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A critical opportunity to ban killer robots – while we still can
by Amnesty, Campaign to Stop Killer Robots
1:21pm 8th Nov, 2021
Nov. 2021
Amnesty International and the Stop Killer Robots campaign have unveiled a social media filter which provides a terrifying glimpse of the future of war, policing and border control. Escape the Scan, a filter for Instagram and Facebook, is part of a major campaign calling for a new international law to ban autonomous weapons systems.
It uses augmented reality (AR) technology to depict aspects of weapons systems that are already in development, such as facial recognition, movement sensors, and the ability to launch attacks on ‘targets’ without meaningful human control.
Several countries are investing heavily in the development of autonomous weapons, despite the devastating human rights implications of giving machines control over the use of force.
In December, a group of UN experts will meet to decide whether to begin negotiating new international law on autonomy in weapons systems. Amnesty International and Stop Killer Robots have launched a petition calling on all governments to voice their support for negotiations.
“We are stumbling into a nightmare scenario, a world where drones and other advanced weapons can choose and attack targets without human control. This filter is designed to give people an idea of what killer robots could soon be capable of, and show why we must act urgently to maintain human control over the use of force,” said Verity Coyle, Amnesty International’s Senior Advisor on Military, Security and Policing.
“Allowing machines to make life-or-death decisions is an assault on human dignity, and will likely result in devastating violations of the laws of war and human rights. It will also intensify the digital dehumanisation of society, reducing people to data points to be processed. We need a robust, legally binding international treaty to stop the proliferation of killer robots – before it’s too late.”
“We have had a decade of talks on autonomous weapons at the United Nations, but these are being blocked by the same states that are developing the weapons,” said Ousman Noor of the Stop Killer Robots campaign.
“The UN Secretary General, the International Committee of the Red Cross, Nobel Prize Winners, thousands of scientists, roboticists and tech workers, are all calling for a legal treaty to prevent these weapons – governments need to draw a line against machines that can choose to kill.”
On 2 December 2021, the Group of Governmental Experts to the Convention on Conventional Weapons (CCW) will begin critical talks on whether to proceed with negotiations on a new treaty to address the threat posed by killer robots. So far 66 states have called for a new, legally binding framework on autonomy in weapons systems.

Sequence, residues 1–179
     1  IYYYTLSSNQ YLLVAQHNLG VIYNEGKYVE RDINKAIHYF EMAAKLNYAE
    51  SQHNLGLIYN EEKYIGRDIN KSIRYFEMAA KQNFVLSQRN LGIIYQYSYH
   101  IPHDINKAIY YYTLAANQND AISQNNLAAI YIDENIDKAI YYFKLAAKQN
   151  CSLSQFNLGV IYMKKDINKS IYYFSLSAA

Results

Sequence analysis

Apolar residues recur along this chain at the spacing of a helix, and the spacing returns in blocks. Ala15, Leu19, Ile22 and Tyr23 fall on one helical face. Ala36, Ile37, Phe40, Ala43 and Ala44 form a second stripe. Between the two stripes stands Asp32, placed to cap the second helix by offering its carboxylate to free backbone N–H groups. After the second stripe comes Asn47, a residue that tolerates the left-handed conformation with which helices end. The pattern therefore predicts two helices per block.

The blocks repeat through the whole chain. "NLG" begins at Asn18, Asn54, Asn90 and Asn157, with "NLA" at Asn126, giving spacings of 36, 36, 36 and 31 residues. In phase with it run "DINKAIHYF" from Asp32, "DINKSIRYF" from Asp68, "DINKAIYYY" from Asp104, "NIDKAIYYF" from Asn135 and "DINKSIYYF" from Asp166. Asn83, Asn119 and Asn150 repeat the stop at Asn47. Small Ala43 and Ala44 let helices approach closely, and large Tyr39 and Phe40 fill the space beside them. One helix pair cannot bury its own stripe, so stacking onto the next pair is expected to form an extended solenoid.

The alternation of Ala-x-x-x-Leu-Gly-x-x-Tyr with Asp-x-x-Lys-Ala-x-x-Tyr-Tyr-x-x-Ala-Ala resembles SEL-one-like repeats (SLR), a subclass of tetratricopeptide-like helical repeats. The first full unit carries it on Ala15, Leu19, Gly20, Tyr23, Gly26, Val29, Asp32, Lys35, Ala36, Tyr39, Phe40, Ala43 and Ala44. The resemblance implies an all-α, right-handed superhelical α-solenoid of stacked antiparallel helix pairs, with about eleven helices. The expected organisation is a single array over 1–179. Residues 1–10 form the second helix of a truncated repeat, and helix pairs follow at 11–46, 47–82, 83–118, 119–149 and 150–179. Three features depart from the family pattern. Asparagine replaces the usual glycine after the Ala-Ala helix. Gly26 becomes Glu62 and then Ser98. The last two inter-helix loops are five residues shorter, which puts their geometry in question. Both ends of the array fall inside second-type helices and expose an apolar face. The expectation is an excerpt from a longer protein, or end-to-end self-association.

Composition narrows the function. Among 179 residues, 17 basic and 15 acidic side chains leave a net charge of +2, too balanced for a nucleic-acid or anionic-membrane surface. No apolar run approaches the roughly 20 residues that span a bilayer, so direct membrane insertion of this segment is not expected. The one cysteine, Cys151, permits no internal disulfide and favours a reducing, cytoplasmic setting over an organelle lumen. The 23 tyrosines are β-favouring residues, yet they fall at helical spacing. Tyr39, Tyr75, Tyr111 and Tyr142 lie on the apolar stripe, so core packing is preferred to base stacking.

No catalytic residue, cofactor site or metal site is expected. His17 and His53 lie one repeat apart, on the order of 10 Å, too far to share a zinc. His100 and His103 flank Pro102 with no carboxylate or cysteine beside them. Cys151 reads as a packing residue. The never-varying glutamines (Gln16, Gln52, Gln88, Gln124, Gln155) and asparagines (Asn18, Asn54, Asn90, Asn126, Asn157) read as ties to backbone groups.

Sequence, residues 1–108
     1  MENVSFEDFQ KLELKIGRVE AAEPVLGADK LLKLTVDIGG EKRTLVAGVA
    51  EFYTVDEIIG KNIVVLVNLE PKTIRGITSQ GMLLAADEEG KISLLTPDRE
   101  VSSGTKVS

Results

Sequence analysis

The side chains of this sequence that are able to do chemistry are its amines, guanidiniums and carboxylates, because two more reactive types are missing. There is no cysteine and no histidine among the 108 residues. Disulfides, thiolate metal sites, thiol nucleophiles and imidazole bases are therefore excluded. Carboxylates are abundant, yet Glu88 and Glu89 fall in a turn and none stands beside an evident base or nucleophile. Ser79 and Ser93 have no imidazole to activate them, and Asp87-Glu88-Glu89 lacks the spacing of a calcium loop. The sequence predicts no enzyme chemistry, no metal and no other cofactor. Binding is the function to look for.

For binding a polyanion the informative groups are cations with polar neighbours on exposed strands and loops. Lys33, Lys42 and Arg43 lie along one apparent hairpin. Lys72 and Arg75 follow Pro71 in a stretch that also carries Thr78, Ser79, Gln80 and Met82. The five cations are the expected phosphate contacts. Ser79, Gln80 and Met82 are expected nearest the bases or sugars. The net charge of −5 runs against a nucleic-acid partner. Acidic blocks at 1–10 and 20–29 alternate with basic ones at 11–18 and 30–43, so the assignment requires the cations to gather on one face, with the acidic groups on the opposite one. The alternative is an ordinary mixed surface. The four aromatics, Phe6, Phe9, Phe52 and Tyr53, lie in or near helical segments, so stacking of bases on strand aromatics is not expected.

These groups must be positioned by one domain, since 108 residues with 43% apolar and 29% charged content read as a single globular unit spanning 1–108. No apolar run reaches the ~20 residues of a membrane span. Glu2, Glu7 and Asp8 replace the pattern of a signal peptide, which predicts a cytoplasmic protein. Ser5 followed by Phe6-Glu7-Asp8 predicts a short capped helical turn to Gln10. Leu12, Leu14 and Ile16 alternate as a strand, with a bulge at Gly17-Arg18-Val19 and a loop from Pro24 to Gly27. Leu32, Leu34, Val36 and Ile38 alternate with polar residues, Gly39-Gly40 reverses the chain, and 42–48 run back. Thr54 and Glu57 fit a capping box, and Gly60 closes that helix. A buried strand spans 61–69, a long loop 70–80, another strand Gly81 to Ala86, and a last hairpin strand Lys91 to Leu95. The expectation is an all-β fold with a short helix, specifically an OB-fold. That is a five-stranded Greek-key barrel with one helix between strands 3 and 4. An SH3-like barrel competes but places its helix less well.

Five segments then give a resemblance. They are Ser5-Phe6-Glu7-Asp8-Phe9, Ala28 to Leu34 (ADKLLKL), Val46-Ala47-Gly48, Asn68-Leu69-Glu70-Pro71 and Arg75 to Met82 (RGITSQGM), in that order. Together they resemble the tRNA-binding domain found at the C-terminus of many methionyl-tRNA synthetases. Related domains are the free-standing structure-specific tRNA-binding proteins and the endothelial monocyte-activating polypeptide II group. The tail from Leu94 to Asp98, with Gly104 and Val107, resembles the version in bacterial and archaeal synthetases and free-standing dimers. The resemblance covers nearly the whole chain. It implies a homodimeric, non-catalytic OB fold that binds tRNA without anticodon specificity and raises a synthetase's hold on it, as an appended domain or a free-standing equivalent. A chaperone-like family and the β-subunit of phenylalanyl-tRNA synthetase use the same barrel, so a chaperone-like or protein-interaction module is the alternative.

But progress has been stalled by a small number of powerful states, including Russia, Israel and the US, who regard the creation of a new international law as premature.
The replacement of troops with machines will make the decision to go to war easier. What’s more, machines can’t make complex ethical choices within the context of unpredictable battlefield or real world scenarios; there is no substitute for human decision making.
We have already seen how technologies like facial, emotion, gait and vocal recognition fail to recognize women, people of colour and persons with disabilities; and how they cause immense human rights harms even when they “work”. Employing these technologies on the battlefield, in law enforcement or border control would be disastrous.
Despite these concerns, countries including the US, China, Israel, South Korea, Russia, Australia, India, Turkey and the UK are investing heavily in the development of autonomous systems.
For example, the UK is developing an unmanned drone which can fly in autonomous mode and identify a target within a programmed area. China is creating small drone “swarms” which could be programmed to attack anything that emits a body temperature, while Russia has built a robot tank which can be fitted with a machine gun or grenade launcher.
Stop Killer Robots is a global coalition of more than 180 international, regional, and national NGOs and academic partners working across 66 countries to ensure meaningful human control over the use of force through the development of new international law. Amnesty International is one of nine organizations on the coalition’s steering committee.
Aug. 2021
Killer Robots: Urgent need to fast-track talks.
Governments should make up for lost time by moving urgently to begin negotiations on a new treaty to retain meaningful human control over the use of force, Human Rights Watch said in a report released this week.